Filled Under: Ona Munson
Ona Munson was an American leading and supporting actress in 1930s and 40s Hollywood, her background included both vaudeville and the Broadway musical stage.
Munson was born Owena Wolcott on June 16, 1903 in Portland, Oregon. She first came to fame on Broadway as the singing and dancing ingenue in the original production of “No, No, Nanette”. From this, she had a very successful stage and radio career in 1930s in New York. She introduced the song “You’re the Cream in My Coffee” in the 1927 Broadway musical “Hold Everything”. Munson’s first movie starring role was in a Warner Brothers talkie called “Going Wild” (1930). She then appeared the next year in a musical comedy “Hot Heiress” (1931) in which she sings several songs along with her co-star Ben Lyon. She also starred in “Broadminded” (1931) and “Five Star Final” (1931).
Munson briefly retired from the screen, only to return in 1938. She is probably best remembered for her role as the prostitute ‘Belle Watling’ in “Gone With The Wind” (1939). Another memorable role was as the madame ‘Mother Gin Sling’ in the “The Shanghai Gesture” (1941). Munson made a few more movies over the next few years including “Drums Of The Congo” (1942) and “The Cheaters” (1945). She retired from film in 1947.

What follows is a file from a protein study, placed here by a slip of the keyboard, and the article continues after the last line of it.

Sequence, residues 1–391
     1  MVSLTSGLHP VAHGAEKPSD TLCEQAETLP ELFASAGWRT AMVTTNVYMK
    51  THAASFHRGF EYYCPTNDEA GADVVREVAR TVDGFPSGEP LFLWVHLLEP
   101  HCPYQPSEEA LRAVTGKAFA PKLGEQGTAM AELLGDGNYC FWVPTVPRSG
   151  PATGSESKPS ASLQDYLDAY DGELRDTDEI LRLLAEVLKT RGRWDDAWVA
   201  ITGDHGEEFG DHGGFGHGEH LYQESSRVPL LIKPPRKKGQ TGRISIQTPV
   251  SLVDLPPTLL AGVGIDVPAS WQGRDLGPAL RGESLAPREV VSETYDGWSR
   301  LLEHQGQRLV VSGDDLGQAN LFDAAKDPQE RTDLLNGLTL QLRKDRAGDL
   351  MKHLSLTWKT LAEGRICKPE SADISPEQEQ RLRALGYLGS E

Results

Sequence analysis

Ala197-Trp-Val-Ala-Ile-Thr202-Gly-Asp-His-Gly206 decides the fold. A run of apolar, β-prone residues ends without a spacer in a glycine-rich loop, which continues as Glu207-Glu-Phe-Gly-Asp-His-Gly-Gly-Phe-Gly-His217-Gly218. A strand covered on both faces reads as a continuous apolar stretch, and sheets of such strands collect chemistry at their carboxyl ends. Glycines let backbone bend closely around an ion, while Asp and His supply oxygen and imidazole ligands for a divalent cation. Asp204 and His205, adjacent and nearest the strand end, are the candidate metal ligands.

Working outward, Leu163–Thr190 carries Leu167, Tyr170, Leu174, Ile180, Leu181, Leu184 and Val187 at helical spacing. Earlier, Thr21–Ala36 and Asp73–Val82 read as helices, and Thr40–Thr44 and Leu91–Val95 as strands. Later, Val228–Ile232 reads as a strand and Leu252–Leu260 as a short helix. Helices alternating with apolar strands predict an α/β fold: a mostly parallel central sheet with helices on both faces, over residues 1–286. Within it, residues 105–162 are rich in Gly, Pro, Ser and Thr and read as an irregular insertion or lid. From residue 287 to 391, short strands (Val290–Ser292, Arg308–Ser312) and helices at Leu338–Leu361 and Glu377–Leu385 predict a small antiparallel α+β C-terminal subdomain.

Ona Munson was married three times, to actor and director Edward Buzzell in 1927, to Stewart McDonald in 1941, and designer Eugene Berman in 1949. In 1955, plagued by ill health, she committed suicide at the age of 51 with an overdose of barbiturates in her apartment in New York. A note found next to her deathbed read, “This is the only way I know to be free again…Please don’t follow me.”
For her contribution to the motion picture industry, Ona Munson has a star on the Hollywood Walk of Fame at 6211 Hollywood Boulevard.